Visit-level acuity and resource-based relative value unit utilization in a pediatric emergency department

Jay Pershad, Michelle Whitley, Martin Herman
Pediatric Emergency Care 2006, 22 (6): 423-5

OBJECTIVE: There is currently limited data on the distribution of evaluation and management (E&M) codes and resource utilization in pediatric emergency departments. We sought to ascertain the following: (1) the distribution of visit-level acuity among patients who sought care in our pediatric emergency department (PED); (2) mean relative value units per physician hour (RVUs/h) as a measure of health care provider productivity; (3) the extent of correlation between the mean number of patients seen per hour and RVUs/h; and (4) the difference in RVU's generated using observation codes versus a higher level E&M code for diagnoses that require an extended level of service.

DESIGN/METHODS: The study was conducted at an urban tertiary level, university-affiliated PED in a freestanding children's hospital. After obtaining data from patient encounters during the period from January through December 2004, we calculated total RVUs by using 2004 national Medicare data that pertained to facility coding, adjusted for data from Tennessee. We also reviewed the frequency of 3 diagnoses that usually require extended care to determine disposition (status asthmaticus [International Classification of Disease-9 Diagnosis Code 493.91], volume depletion [276.5], and sickle cell disease with crisis [282.62]). Utilizing a high-level E&M code (99285) and high-level, same day observation code (99236), we compared RVUs generated for each of the earlier said diagnoses.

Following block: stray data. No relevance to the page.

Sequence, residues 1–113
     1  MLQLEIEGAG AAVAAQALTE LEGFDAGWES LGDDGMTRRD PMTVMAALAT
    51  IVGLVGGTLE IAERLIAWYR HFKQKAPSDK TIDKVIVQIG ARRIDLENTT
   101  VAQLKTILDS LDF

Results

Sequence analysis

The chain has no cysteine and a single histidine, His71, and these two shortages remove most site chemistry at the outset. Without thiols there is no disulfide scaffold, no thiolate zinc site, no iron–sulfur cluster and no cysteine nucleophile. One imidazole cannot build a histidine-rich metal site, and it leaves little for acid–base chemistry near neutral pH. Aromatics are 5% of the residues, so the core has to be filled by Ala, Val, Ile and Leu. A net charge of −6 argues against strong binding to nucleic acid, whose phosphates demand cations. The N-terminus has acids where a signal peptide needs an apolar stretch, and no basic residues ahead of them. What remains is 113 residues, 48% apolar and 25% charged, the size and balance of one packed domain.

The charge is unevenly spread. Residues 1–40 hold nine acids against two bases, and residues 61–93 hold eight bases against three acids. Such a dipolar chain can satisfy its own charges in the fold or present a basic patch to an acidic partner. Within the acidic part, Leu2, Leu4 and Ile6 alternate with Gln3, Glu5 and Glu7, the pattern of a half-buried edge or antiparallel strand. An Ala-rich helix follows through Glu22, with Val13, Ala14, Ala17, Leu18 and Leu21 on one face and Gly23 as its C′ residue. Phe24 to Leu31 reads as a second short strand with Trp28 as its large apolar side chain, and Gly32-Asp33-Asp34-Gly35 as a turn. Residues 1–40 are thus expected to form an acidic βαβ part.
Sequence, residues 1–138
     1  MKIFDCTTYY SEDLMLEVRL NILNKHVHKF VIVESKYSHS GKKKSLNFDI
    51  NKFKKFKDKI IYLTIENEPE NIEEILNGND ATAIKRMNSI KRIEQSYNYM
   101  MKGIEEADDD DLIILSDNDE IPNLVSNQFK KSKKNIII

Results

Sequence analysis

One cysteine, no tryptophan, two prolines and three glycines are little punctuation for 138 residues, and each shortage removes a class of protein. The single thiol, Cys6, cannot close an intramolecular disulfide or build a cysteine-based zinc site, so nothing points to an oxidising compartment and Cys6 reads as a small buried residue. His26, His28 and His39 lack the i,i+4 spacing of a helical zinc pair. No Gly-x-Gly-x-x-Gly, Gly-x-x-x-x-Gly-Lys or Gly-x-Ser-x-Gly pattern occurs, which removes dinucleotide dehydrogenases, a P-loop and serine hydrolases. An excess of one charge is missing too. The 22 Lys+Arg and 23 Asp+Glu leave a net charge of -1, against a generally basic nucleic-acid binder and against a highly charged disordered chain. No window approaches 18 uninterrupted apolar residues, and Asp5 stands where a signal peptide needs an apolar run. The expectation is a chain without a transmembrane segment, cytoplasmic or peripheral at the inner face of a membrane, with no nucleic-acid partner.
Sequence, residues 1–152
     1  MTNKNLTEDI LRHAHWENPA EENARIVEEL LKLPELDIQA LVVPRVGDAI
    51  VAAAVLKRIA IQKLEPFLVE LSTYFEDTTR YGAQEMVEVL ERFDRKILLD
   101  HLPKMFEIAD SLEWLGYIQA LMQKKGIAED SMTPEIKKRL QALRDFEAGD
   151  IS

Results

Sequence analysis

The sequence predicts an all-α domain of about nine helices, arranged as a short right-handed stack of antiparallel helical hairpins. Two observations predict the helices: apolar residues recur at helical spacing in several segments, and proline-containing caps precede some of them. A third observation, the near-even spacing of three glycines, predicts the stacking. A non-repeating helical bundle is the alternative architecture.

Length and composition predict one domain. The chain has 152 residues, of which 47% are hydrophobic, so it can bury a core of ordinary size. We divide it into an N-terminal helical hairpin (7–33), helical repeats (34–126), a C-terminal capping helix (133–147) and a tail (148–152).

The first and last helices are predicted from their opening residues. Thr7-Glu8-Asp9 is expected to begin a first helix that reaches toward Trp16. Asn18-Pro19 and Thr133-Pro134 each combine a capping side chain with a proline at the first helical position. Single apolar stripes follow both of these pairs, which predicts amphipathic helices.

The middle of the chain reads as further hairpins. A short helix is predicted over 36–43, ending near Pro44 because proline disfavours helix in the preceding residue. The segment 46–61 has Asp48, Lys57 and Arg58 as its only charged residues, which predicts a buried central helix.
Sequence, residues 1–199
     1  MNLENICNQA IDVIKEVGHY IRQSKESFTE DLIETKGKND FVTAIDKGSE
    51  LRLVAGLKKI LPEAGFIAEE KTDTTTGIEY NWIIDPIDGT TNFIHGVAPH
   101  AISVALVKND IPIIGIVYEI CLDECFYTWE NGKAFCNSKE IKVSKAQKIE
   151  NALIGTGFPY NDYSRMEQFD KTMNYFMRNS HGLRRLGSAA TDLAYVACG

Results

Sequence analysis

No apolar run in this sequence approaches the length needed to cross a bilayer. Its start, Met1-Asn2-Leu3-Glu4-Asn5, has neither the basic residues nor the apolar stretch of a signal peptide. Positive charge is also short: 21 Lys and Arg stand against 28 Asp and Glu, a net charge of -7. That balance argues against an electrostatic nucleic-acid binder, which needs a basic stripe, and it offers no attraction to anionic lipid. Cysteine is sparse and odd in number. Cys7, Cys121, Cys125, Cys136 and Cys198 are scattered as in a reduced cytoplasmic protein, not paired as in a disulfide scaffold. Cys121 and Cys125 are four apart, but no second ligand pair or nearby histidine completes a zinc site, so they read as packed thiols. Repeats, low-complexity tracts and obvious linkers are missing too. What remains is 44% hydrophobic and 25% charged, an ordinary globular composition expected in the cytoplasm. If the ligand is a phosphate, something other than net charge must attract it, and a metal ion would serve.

RESULTS: During the study period, 61,444 patient encounters occurred. Of the patients seen, 4678 (7.6%) were admitted. The most common E&M code used was 99283 (53.7%). The mean RVU's/h for pediatric emergency medicine physicians and for pediatricians (and nurse practitioners) were 4.36 and 3.08, respectively. There was high correlation between RVU's/h and the number of patients seen per hour (r = 0.85). The cumulative frequency of the 3 diagnoses that required extended care was 2602. Total RVUs generated when the high-level E&M code 99285 and the high-level observation code 99236 were used was 10,408 and 15,143, respectively.

CONCLUSIONS: Our descriptive study provides PED benchmarking data on E&M code distribution and RVU utilization. RVU's/h may serve as a reliable measure of productivity. Although the use of observational codes in the PED requires additional documentation, their use for select diagnoses may appropriately reflect the level of service and have a favorable impact on the total number of RVU's generated.


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